Customer in power struggle with NES over smart meter
NES over smart meter
by Erika Kurre
The NES is trying to change the family’s meter to an updated digital smart meter, along with hundreds of thousands of others across the mid state.
NES Customer Jeff Jacobson’s family often spends the weekdays at home without him except for one February day, when Nashville Electric Service paid a visit.
“Luckily I was home,” Jacobson said. “It was during the weekday in the middle of the day, and I asked him what he was doing. He says ‘I’m installing a new meter.'”
Jacobson’s home is among more than 380,000 NES customers slated for the change. NES has already installed about 220,000 AMI smart meters.
Low radio frequency radiation repeatedly comes to and from these devices, making it possible for data collection without a visit from a meter reader. That’s among the benefits that NES explained to Fox 17 in a written statement.
Jacobson had no warning or chance to refuse this type of meter prior to this visit.
“I said no, I’m not gonna have that on the house,” Jacobson said. “I don’t consent to that. He went as far as to tell me that he was going to call the sheriff’s department and have them help NES force it onto my home.”
He’s since built a barricade around it. NES has cut his power, citing the meter as a safety issue.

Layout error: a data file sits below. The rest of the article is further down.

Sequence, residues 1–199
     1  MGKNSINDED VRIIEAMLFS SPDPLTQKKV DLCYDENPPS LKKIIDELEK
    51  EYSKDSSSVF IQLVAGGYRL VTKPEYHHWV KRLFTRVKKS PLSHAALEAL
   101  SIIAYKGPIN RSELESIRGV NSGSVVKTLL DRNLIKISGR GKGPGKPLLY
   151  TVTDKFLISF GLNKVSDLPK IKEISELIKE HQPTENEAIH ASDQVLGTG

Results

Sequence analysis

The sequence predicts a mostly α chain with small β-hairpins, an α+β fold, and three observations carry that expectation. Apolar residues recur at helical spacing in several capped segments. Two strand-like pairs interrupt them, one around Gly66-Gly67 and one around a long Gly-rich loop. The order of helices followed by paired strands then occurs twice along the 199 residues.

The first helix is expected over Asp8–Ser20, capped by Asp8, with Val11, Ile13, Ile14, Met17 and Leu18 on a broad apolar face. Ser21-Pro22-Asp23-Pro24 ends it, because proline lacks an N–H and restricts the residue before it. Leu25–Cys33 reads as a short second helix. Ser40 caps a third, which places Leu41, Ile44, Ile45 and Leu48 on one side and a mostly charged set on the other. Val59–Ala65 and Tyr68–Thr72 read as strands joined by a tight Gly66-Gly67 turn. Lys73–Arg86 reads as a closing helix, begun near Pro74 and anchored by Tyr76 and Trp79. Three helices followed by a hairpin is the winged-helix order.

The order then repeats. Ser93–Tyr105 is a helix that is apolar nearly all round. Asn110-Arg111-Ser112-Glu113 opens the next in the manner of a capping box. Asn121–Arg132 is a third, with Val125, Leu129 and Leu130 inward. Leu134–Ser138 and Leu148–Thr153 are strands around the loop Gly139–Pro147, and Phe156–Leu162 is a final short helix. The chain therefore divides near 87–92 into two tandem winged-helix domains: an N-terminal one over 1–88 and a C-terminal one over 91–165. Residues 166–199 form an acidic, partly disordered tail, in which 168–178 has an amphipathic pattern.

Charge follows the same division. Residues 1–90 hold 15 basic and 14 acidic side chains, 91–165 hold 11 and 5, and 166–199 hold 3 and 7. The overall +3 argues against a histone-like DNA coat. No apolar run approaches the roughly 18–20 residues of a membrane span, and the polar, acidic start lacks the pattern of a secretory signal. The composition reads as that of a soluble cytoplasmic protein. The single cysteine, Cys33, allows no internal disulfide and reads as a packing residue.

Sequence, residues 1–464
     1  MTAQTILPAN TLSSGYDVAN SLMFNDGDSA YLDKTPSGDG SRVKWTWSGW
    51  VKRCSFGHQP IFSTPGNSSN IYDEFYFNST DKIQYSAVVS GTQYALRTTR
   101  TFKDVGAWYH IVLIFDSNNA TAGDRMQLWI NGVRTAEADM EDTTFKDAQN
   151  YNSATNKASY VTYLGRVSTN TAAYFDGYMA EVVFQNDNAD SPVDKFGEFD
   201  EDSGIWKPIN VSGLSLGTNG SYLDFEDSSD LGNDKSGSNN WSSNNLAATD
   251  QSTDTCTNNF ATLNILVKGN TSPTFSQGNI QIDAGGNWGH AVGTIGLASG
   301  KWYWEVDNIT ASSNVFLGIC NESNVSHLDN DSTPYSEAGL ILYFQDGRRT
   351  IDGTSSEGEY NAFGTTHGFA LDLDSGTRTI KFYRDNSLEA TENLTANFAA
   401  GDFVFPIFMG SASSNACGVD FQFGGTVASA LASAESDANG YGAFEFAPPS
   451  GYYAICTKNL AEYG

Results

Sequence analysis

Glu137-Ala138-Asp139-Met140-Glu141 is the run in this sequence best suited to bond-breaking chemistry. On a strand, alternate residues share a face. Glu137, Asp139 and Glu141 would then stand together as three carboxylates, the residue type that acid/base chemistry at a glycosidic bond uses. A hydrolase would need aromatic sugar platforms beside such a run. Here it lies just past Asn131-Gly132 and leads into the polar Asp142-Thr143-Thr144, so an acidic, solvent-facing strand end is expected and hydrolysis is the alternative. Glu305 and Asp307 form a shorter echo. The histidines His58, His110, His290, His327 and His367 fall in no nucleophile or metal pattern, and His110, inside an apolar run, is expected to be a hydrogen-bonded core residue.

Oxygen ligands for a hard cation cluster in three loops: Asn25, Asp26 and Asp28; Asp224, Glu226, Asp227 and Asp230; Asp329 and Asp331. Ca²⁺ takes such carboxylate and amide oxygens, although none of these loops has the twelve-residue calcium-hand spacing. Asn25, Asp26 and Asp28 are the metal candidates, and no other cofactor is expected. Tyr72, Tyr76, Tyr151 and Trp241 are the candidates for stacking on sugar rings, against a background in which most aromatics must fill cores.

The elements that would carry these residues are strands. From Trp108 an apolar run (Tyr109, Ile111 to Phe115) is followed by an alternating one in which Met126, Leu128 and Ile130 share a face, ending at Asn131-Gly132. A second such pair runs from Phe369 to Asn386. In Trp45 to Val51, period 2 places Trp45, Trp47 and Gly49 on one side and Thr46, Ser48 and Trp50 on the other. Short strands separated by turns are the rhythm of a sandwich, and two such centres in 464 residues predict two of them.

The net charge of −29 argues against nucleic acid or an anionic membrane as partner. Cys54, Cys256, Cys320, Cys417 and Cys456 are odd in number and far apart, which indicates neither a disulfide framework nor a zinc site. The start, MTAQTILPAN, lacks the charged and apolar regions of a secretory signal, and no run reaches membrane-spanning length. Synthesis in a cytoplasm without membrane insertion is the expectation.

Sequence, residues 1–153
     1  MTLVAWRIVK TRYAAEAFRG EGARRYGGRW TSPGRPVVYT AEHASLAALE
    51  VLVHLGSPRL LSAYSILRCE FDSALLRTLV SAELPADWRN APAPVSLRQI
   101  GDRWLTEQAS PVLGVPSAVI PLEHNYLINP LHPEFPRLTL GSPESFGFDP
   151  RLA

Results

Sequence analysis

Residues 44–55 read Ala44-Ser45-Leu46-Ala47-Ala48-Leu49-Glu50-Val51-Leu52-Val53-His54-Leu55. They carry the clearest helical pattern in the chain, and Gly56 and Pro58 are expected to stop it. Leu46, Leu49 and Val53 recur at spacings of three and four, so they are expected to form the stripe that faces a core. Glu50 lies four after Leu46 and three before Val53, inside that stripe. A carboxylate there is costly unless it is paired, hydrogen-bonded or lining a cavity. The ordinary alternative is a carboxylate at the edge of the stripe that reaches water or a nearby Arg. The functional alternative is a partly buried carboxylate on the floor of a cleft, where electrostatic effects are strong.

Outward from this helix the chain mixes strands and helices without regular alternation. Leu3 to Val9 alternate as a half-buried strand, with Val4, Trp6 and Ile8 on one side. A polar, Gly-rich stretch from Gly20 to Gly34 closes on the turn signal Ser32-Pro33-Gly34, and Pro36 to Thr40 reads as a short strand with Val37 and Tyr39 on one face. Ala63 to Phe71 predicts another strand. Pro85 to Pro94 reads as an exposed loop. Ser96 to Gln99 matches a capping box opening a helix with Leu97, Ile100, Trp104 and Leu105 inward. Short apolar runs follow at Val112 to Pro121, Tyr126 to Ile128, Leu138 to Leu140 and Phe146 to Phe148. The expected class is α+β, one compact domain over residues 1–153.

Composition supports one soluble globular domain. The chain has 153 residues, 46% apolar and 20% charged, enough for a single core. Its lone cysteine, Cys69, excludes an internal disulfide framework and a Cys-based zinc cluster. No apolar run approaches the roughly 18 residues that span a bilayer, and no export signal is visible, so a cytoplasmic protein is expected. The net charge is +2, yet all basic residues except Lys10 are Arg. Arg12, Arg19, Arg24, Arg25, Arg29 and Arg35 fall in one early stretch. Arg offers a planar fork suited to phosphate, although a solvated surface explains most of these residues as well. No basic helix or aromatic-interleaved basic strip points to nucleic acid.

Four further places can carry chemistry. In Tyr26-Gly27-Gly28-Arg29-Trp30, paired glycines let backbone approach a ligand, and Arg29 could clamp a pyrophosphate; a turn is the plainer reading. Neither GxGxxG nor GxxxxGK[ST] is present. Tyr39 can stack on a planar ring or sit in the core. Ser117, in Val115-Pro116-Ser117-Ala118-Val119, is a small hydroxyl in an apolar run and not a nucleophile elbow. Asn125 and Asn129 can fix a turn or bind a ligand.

“The power was disconnected at Jacobson’s home because he tampered with the meter, which included caging it, to prevent NES access to their equipment” said NES Spokesperson Holden Sheriff in an e-mail to Fox 17. “This poses a safety concern to the customer and NES.”
The situation is not ideal, but Jacobson said it’s worth it citing past cases of fires.
At least a dozen states in the US have banned or have been in legal fights against these meters for years. Many across the country have claimed government overreach, or blamed illnesses and diseases like cancer on the devices.
At this point, there is no conclusive evidence that there is or is not a connection between these issues and smart meters.
Jacobson and his family are happy being off the grid, if it sheds light on this to others.
NES has given Jacobson a deferral option. He could pay a fee plus additional monthly costs to continue using his current meter, but NES could still change his meter at a later date without notice.
“Customers who defer are charged a monthly fee on $32, which covers the cost to send a meter to the residence to read the usage data,” a spokesperson for NES said.
NES said only 23 customers have decided to defer so far.
Jacobson wants anyone else who is passionate about this issue to call him at 615-715-8934.